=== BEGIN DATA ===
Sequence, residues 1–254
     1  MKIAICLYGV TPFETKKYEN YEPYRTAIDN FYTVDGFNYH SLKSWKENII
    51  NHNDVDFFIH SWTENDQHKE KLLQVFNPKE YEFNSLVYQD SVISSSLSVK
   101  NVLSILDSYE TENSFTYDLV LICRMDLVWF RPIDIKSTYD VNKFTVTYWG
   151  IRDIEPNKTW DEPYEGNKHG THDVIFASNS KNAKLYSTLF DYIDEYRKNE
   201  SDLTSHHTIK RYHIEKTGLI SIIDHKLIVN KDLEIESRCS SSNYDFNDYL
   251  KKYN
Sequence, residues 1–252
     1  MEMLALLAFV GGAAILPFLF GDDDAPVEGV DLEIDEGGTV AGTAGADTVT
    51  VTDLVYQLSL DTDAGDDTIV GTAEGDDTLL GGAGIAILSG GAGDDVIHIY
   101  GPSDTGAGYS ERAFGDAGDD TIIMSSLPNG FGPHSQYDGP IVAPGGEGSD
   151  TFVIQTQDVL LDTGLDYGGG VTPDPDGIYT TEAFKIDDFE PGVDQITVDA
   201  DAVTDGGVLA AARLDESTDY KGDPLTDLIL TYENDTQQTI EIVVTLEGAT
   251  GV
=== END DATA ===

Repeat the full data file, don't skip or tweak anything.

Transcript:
Sequence, residues 1–254
     1  MKIAICLYGV TPFETKKYEN YEPYRTAIDN FYTVDGFNYH SLKSWKENII
    51  NHNDVDFFIH SWTENDQHKE KLLQVFNPKE YEFNSLVYQD SVISSSLSVK
   101  NVLSILDSYE TENSFTYDLV LICRMDLVWF RPIDIKSTYD VNKFTVTYWG
   151  IRDIEPNKTW DEPYEGNKHG THDVIFASNS KNAKLYSTLF DYIDEYRKNE
   201  SDLTSHHTIK RYHIEKTGLI SIIDHKLIVN KDLEIESRCS SSNYDFNDYL
   251  KKYN
Sequence, residues 1–252
     1  MEMLALLAFV GGAAILPFLF GDDDAPVEGV DLEIDEGGTV AGTAGADTVT
    51  VTDLVYQLSL DTDAGDDTIV GTAEGDDTLL GGAGIAILSG GAGDDVIHIY
   101  GPSDTGAGYS ERAFGDAGDD TIIMSSLPNG FGPHSQYDGP IVAPGGEGSD
   151  TFVIQTQDVL LDTGLDYGGG VTPDPDGIYT TEAFKIDDFE PGVDQITVDA
   201  DAVTDGGVLA AARLDESTDY KGDPLTDLIL TYENDTQQTI EIVVTLEGAT
   251  GV